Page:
Although many Ludwigia species, L. ovalis and L. inclinata var. verticillata “Cuba,” for instance, can display yellow-gold to orange foliage in certain conditions, two species in particular come to mind as being more consistently gold than others, one being a hybrid with the other as one of its parents. Ludwigia brevipes, native mostly to Virginia and the Carolinas, is the species in question. Though extremely high lighting and fertilization can produce orange-red coloration in the growth tips of the plant, its overall color is more of a gold than a red and can act as a foil to both green and red plants. Though not as demanding as many of the more intensely colored Ludwigia species (e.g., L. glandulosa, L. senegalensis, or L. inclinata), L. brevipes does like fairly strong lighting.
The hybrid, Ludwigia x lacustris, is a naturally occurring cross between L. brevipes and L. palustris. Interestingly, its distribution includes isolated pockets scattered well outside the fairly narrow range of L. brevipes (L. palustris being a rather cosmopolitan species between its natural distribution and naturalized introductions), including points along the Atlantic coast between Rhode Island and Georgia. This could be evidence that L. brevipes once had a wider distribution, or perhaps the plant has hopped from pond to pond, stuck to the foot of a goose (I firmly believe this is a major source of so-called “invasive” plants that occur natively in nearby states, but that’s a debate for another day). In any case, L. x lacustris is colored very similarly to L. brevipes, with slightly broader leaves. Like L. brevipes, it will attain some degree of reddish-orange coloration in the most intense growing conditions, but it’s otherwise more or less golden in color.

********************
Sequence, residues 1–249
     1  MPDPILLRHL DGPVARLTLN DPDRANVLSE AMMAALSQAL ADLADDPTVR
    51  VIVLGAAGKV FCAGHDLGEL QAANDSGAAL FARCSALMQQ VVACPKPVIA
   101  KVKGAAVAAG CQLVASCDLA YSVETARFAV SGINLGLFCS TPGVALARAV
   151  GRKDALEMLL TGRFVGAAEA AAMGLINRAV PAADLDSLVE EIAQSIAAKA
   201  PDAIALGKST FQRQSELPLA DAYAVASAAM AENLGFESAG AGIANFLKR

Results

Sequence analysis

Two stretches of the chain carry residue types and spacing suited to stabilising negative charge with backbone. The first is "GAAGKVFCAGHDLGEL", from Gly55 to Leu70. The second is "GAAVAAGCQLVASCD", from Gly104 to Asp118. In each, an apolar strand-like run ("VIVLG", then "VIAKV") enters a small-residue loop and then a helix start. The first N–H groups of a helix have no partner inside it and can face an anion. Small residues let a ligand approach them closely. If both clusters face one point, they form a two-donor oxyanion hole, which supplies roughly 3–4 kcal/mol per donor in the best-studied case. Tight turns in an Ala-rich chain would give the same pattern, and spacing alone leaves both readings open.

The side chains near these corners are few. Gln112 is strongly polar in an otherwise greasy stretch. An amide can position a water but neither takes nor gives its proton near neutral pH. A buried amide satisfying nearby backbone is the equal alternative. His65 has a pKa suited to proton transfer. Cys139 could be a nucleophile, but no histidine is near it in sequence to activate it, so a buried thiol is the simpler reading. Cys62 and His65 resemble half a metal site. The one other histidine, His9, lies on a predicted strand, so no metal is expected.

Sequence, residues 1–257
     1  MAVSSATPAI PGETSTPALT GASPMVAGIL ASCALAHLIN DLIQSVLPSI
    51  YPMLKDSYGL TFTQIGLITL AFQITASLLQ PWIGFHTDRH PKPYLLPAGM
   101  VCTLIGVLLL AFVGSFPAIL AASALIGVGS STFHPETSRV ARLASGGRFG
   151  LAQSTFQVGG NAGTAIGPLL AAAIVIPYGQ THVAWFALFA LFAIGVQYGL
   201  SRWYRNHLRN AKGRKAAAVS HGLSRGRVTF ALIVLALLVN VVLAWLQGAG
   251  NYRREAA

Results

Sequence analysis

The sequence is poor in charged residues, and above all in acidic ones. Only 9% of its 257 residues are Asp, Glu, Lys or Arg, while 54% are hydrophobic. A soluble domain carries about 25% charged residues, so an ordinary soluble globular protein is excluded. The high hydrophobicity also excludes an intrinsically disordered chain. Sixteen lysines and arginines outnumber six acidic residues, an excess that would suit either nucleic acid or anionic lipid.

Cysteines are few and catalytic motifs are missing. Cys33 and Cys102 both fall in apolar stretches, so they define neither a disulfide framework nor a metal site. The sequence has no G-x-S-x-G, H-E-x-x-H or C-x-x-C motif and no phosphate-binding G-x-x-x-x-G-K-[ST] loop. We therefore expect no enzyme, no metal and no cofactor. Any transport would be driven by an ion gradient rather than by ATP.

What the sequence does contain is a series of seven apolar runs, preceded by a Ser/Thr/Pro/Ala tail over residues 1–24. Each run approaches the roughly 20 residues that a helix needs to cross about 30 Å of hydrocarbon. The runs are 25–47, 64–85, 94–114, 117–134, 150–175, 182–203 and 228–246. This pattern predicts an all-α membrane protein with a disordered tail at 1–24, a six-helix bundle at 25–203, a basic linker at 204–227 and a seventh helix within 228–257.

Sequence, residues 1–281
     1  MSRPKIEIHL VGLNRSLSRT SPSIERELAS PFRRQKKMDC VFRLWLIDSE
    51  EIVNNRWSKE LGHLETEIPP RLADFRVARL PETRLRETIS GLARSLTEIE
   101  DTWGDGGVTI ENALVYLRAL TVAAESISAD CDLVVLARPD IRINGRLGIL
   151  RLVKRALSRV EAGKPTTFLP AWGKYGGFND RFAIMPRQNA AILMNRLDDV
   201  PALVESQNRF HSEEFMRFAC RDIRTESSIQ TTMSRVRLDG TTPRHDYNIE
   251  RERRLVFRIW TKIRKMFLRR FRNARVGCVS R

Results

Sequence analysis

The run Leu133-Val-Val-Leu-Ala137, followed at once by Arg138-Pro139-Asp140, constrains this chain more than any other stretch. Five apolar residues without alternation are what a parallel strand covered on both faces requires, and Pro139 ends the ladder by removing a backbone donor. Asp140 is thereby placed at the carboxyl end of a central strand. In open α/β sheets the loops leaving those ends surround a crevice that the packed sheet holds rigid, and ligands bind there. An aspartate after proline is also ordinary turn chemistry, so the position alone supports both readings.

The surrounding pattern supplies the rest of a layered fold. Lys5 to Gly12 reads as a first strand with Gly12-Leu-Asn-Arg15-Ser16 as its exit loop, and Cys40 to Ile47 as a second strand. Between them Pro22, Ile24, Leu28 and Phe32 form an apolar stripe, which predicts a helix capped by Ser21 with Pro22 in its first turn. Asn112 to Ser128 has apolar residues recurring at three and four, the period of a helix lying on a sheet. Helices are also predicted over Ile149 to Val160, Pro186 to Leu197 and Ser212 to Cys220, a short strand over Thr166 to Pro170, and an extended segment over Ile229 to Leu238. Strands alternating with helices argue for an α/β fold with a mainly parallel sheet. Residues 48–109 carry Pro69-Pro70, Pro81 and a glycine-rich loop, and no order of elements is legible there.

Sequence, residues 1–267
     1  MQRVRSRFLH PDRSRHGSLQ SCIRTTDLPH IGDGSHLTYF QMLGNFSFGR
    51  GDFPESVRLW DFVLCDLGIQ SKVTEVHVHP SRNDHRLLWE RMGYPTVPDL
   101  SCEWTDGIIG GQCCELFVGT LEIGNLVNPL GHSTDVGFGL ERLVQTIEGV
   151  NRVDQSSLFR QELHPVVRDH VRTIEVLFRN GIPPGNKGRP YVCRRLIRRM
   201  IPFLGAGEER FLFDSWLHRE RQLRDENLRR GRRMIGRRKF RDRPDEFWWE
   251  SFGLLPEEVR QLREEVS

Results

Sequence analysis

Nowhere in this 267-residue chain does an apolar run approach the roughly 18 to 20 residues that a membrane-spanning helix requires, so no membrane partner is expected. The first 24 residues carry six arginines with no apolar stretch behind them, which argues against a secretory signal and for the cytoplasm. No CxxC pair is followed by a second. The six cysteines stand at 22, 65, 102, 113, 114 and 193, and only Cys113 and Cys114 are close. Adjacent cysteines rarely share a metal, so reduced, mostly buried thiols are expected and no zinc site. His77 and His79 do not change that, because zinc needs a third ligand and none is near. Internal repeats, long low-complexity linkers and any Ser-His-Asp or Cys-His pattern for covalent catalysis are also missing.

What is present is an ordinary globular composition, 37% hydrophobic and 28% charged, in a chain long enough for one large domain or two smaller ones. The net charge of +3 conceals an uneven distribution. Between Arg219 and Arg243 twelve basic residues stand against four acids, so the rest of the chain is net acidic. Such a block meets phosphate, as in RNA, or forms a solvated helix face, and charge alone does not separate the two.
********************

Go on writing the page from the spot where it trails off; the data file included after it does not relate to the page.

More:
Both L. brevipes and L. x lacustris are most easily obtained via trade with other hobbyists, but L. brevipes is distributed by a handful of international nurseries.
Ammannia pedicellata “Golden”
Known as Nesaea pedicellata prior to the recent studies resulting in the folding of the genus Nesaea into the genus Ammannia, A. pedicellata “golden” is one of the most spectacularly colorful aquatic plants I’ve ever had the fortune to lay eyes on. Its only drawback is that it’s a somewhat finicky plant with sensitivity to both nutrient deficiencies and excesses, requiring very consistent fertilization. In emersed culture, I’ve found it’s rather prone to both spontaneous and seasonal diebacks, though it always seems to bounce back eventually, no matter how close I think it is to death. Despite its sensitivities, a healthy hedge of this cultivar is positively stunning. The leaves are a bright golden yellow, and the stems offer great contrast with their magenta hue. The colors are even more riotous in emersed form, where the new leaves display bright orange fading to gold as they age, the stems are more red than pink, and the flowers add an intense pink-purple to the mix.